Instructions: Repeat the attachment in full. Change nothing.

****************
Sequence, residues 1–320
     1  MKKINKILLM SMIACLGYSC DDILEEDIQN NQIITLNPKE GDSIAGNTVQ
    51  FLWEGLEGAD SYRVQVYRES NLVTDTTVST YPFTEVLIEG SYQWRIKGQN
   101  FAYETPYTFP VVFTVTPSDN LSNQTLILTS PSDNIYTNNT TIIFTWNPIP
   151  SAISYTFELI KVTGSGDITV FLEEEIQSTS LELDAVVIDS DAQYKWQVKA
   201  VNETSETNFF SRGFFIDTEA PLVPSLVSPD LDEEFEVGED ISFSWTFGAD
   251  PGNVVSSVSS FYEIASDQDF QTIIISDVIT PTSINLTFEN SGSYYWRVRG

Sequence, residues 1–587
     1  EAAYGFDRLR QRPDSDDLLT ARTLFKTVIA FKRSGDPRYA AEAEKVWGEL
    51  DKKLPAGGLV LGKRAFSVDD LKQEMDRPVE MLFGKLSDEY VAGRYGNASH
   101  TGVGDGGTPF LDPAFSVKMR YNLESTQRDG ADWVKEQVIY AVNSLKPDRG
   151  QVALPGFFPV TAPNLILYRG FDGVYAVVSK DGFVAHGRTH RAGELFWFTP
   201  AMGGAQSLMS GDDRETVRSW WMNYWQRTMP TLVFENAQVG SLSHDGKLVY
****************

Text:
Sequence, residues 1–320
     1  MKKINKILLM SMIACLGYSC DDILEEDIQN NQIITLNPKE GDSIAGNTVQ
    51  FLWEGLEGAD SYRVQVYRES NLVTDTTVST YPFTEVLIEG SYQWRIKGQN
   101  FAYETPYTFP VVFTVTPSDN LSNQTLILTS PSDNIYTNNT TIIFTWNPIP
   151  SAISYTFELI KVTGSGDITV FLEEEIQSTS LELDAVVIDS DAQYKWQVKA
   201  VNETSETNFF SRGFFIDTEA PLVPSLVSPD LDEEFEVGED ISFSWTFGAD
   251  PGNVVSSVSS FYEIASDQDF QTIIISDVIT PTSINLTFEN SGSYYWRVRG

Sequence, residues 1–587
     1  EAAYGFDRLR QRPDSDDLLT ARTLFKTVIA FKRSGDPRYA AEAEKVWGEL
    51  DKKLPAGGLV LGKRAFSVDD LKQEMDRPVE MLFGKLSDEY VAGRYGNASH
   101  TGVGDGGTPF LDPAFSVKMR YNLESTQRDG ADWVKEQVIY AVNSLKPDRG
   151  QVALPGFFPV TAPNLILYRG FDGVYAVVSK DGFVAHGRTH RAGELFWFTP
   201  AMGGAQSLMS GDDRETVRSW WMNYWQRTMP TLVFENAQVG SLSHDGKLVY